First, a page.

Brent: Honestly, I think the novelty is a big part of its initial success. After that, I think the story itself plays on the fears and fantasies of most people. The style, for those who are willing to let their imagination fill in the details, I think is provocative in that it’s different. Also, I think we cast Shoemaker’s voice perfectly – everybody likes to hear a good story if it’s well told, and Roark Critchlow does a brilliant job with the narration.
AYP: How was the concept for Afterworld conceived?
Brent: Having worked in film and TV for so long, I wanted to try telling stories in a different medium. In particular, I wanted to tell an epic story in small, daily bytes. And I wanted to make the episodes part of an immersive, communal experience similar to an MMO, where the story springs from a persistent universe which lives online. My goal was to create the convergence of TV and videogames. And with the help of my good friend and co-creator, Michael DeCourcey, I think we are close to achieving my goal… something that won’t really be apparent to anyone else, though, until our website comes online this week.
AYP: Tell me about the main character and what about him spoke to you as a writer/creator?
Brent: Through Shoemaker I wanted to explore my own fears of survival in a world without the order and structure of society, my own dependency (if not addiction) to technology. And, most importantly, I wanted to live vicariously through Shoemaker as he learned how to survive in the wilderness.
AYP: How do you plan on making the series interactive if it’s daily?
Brent: The series will be interactive in small but potentially significant ways. Firstly, we are going to encourage fans to send in photos of their homes, neighborhoods, cities with reasons why Shoemaker should visit their area on his quest. Some of the specific regions the story will pass through have been left unspecified, leaving an opportunity use fan photos as our backgrounds. Also, we will have continuing storylines (updated weekly) for some of the supporting characters Shoemaker interacts with on his trek. Most of these storylines will be “locked” and generated by the writing staff, but a few storylines will be “unlocked” and open to fan fiction. The best supporting storylines will be woven into Shoemaker’s main storyline towards the end of Season One and on into Season Two. Lastly, there will be occasional opportunities to communicate with our characters through our unique message board – The WordWall. This will be a nexus point between the real world and Afterworld, where characters post messages to other survivors intermixed with the best fan postings re: ideas for new technology, new government, new justice, etc. Again, the best ideas will work themselves into the storylines at some point.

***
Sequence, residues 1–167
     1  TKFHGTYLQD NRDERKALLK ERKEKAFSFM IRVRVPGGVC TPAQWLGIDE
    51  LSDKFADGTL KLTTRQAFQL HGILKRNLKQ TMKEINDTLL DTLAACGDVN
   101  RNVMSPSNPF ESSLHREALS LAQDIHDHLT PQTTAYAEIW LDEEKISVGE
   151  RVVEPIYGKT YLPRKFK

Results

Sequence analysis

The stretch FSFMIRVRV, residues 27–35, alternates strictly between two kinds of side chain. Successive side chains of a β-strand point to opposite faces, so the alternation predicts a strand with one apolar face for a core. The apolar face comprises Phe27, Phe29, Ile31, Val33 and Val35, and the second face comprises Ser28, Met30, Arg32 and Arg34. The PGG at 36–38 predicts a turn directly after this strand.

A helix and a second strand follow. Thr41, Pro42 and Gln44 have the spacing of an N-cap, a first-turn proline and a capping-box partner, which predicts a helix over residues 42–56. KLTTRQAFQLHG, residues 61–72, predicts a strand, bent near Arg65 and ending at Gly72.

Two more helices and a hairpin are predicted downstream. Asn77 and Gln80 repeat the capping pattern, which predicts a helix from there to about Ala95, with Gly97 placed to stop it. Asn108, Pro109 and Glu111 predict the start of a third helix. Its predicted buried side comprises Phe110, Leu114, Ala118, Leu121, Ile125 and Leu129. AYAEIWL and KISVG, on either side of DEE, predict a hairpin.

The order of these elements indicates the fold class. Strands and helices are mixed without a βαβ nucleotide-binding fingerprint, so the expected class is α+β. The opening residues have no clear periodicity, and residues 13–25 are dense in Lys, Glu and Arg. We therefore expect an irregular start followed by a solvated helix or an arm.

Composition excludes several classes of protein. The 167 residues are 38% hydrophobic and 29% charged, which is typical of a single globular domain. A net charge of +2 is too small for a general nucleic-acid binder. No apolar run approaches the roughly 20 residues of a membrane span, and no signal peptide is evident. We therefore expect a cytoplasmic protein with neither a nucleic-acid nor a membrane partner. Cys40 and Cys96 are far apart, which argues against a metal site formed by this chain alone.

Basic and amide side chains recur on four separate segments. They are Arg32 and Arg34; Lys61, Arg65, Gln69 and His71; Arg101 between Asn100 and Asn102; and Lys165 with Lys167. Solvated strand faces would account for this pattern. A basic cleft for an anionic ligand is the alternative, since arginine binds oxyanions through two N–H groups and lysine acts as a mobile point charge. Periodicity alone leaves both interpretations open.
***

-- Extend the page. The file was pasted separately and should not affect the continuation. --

AYP: What do you want people to know about Afterworld?
Brent: This is not something we are making up as we go along. We truly have an epic story to unfold, not just through the episodes but also through the additional online content found in Shoemaker’s journal, the “B” storylines and even easter eggs hidden within the episodes themselves. That’s right, we will eventually be making a casual game out of our episodes. Sort of a timed scavenger hunt where players must find and click on items hidden within the episodes themselves. There will even be an ongoing leaderboard.
AYP: What can you tell us about where the story of Afterworld is heading?
Brent: We have the story worked out for three, 130 episode seasons. Whether we get to produce a second or third season will be dependent on how the first season is received. Suffice to say, though, that the story is going to carry Shoemaker home by the end of Season One, then onto a much larger, global adventure in Seasons Two and Three.
AYP: What would be considered successful for you? (viewership goals, cult status/word of mouth, more exposure?)
Brent: The greatest success would be is some creator in the near future sited “Afterworld” as their inspiration for some new groundbreaking form of Intertainment, to borrow a term from you.
AYP: What Internet series online do you watch? What have you learned, and why do you think some succeed and others fail?
Brent: One of my primary inspirations for Afterworld was the online series “Broken Saints.” Three very talented guys in Vancouver produced that show for basically no money over a period of several years. With no advertising or marketing, they created a viral phenomenon that opened my eyes to the potential of this medium. And “Broken Saints” was no simple story. It was deep, complex and very simply animated in Flash. But people responded to the story – that was the takeaway for me. While I admire the professionalism of a show like “Prom Queen,” I’m more interested in telling stories that would not work on television, and telling them in a unique format and style.
AYP: Check in tomorrow for the second part of our interview, where we focus on business, production, and the online video industry.